The $1.7 billion deal for Continuum Residential Real Estate Investment Trust could impact the entire Canadian multifamily sector, according to a report.
Troy MacLean, an analyst with BMO Capital Markets, predicted higher property values after the offer last week from Starlight Investments, which wiped out the only initial public offering for a REIT this year on the Toronto Stock Exchange.
"The transaction valuation highlights that despite Canadian apartments trading at an all-time high, there may be further upside," said MacLean in a note he released before markets opened Monday.
Toronto-based Starlight, a closely held investment and asset management company with a portfolio of about 36,000 multifamily units across Canada and the United States, stunned the market with an offer of $20.10 per trust unit for the Continuum REIT portfolio of 44 high-rise concrete buildings located primarily in the Greater Toronto Area and containing 6,271 rental suites.
Dan Argiros, president and chief executive of Continuum, an affiliate of Q Management LP, had said the $300 million IPO was way oversold and had an order book of more than $1 billion.
Starlight approached the REIT to buy the whole portfolio, easily outbidding investors for the IPO, which would have been priced between $15.50 to $16.50 per unit.
"We have elected to proceed with the Starlight offer to acquire the portfolio, and we will be withdrawing the IPO," he said in a statement about what is set to become Canada's largest real estate transaction in 2019.
The deal is expected to close in December.
In his note, MacLean said about 85% of the portfolio is in the GTA and Hamilton, Ontario. Based on net operating income, he calculated the portfolio traded at about a 3.6% capitalization rate, or the expected rate of return on investment.
"This is above the valuation range of Canadian apartment REITs," said MacLean. Based on an implied cap rate basis, Canadian apartment REITs trade in a range of about 3.6% to about 5.8%, he noted.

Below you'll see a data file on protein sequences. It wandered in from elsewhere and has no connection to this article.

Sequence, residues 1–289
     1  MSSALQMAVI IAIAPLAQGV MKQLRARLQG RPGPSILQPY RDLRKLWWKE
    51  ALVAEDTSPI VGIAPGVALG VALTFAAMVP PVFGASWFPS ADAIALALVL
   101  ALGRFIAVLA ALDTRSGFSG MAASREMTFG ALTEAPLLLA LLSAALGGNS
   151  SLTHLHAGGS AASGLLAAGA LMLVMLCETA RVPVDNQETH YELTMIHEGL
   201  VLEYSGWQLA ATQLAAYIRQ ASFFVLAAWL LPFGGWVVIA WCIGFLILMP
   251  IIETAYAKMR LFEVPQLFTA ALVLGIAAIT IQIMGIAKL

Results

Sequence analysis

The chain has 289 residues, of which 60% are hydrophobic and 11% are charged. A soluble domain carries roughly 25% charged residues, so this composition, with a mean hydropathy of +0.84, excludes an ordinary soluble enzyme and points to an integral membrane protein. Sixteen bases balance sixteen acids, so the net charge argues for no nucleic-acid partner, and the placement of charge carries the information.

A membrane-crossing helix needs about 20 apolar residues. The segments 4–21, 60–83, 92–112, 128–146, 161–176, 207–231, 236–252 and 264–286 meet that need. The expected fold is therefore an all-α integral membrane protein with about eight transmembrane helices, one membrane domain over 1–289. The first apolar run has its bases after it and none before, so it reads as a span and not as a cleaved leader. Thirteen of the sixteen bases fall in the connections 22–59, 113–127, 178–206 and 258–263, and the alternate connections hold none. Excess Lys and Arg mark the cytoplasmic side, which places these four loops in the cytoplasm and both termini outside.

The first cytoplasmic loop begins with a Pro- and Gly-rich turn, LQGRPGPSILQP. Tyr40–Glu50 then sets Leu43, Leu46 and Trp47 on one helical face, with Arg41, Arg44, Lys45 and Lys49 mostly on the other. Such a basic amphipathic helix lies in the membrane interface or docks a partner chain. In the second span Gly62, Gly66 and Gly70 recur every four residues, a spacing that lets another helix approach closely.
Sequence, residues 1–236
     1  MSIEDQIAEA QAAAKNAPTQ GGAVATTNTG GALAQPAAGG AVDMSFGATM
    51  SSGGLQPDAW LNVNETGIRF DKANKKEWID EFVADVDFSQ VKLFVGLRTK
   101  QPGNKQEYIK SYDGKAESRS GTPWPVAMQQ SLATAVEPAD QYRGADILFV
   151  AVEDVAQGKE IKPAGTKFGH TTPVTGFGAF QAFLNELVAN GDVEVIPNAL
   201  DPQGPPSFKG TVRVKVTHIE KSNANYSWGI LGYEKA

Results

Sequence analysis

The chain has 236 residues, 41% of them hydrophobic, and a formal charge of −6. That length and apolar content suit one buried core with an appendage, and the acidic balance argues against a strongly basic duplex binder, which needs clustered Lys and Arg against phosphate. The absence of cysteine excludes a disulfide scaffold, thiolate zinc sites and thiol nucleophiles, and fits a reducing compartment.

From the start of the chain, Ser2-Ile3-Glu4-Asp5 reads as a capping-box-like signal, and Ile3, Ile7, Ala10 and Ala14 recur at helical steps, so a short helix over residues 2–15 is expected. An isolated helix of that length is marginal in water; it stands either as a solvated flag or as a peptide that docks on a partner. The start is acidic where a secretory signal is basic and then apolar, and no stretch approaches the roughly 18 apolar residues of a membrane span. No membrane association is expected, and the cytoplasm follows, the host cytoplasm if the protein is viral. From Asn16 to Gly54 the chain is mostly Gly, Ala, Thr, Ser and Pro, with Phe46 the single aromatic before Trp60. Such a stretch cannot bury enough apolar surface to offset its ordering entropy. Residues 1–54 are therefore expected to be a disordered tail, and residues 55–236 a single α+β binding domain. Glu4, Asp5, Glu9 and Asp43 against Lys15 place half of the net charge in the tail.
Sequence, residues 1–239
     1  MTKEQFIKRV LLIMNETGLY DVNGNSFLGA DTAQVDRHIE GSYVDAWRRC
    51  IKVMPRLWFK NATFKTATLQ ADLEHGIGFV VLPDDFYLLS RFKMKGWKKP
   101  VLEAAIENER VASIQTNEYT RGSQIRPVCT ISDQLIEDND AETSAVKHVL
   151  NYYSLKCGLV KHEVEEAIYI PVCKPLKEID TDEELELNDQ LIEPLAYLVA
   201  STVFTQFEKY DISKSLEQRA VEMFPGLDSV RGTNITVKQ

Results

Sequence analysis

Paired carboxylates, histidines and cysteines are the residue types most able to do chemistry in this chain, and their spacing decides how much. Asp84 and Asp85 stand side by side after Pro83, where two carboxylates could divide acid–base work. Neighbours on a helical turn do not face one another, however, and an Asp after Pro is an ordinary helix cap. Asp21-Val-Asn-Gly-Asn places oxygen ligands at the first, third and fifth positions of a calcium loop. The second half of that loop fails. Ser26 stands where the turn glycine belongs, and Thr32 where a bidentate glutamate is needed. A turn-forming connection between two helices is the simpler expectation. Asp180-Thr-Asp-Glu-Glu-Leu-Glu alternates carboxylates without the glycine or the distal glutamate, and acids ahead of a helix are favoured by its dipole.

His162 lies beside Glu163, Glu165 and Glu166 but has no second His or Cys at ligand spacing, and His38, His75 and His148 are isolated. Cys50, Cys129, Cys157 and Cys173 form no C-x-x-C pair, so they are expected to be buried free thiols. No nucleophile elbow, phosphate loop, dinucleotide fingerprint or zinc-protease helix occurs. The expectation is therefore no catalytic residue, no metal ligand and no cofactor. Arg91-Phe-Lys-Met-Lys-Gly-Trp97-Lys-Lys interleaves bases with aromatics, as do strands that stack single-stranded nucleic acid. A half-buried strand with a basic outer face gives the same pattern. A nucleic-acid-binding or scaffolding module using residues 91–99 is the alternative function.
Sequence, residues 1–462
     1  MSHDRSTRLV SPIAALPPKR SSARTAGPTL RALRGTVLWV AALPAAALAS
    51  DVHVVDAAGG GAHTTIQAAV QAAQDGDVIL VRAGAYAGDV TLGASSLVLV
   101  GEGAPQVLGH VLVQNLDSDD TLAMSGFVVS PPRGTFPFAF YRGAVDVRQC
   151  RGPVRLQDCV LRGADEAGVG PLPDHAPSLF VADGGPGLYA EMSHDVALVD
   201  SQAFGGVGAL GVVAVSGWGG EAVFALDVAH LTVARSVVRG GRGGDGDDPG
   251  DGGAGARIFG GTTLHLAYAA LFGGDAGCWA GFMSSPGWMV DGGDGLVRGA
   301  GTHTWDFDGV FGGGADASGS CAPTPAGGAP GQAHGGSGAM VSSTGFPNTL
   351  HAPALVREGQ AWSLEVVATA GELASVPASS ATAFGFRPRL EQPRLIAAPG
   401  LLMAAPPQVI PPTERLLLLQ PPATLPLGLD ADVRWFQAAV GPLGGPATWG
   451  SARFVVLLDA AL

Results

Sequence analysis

"Geographically, Continuum is most closely like CAP REIT, InterRent and Minto, which all have a significant presence in the GTA," said the analyst, who calculated Continuum being purchased at $276,192 per door. He estimated replacement costs would have been $400,000 per door.
"Since 2015, population growth in Canada has increased, particularly in Toronto. Over that same time, purpose-built rental completions have increased, but the rate of growth is still below the rate needed to satisfy the increased demand," said MacLean.
CoStar data puts the average market sale price per unit in the GTA at $262,000, with the average market cap rate in the GTA at 4%.
It is just the latest deal for Starlight, which in September 2018 bought a 1,527-suite portfolio in the GTA that was owned by the Wynn Group for $402.1 million at about $263,351 per door.
In September, Starlight purchased 12 properties and 626 suites in the GTA from Akelius Canada for $176.8 million, or about $281,529 per door at a roughly 3.8% cap rate, the analyst noted.
Starlight has also teamed up with New York City’s Blackstone Property Partners to buy six apartment properties in Toronto and Montreal.
The deal announced Friday could also provide expansion opportunities for Northview Apartment Real Estate Trust, which has a strategic relationship with Starlight, said Michael Markidis, an analyst with Desjardins.
Starlight's founder, president and CEO, Daniel Drimmer, sits on Northview's board and beneficially owns or controls about 13% of its equity.
"Starlight has sold properties to Northview in the past," said Markidis, pointing to $53 million in transactions in 2019 and $180 million in 2018. "Considering Starlight's pending acquisition, it is logical to believe that Northview might be offered additional acquisition opportunities from Starlight in the not too distant future."
NOVEMBER 11, 2019|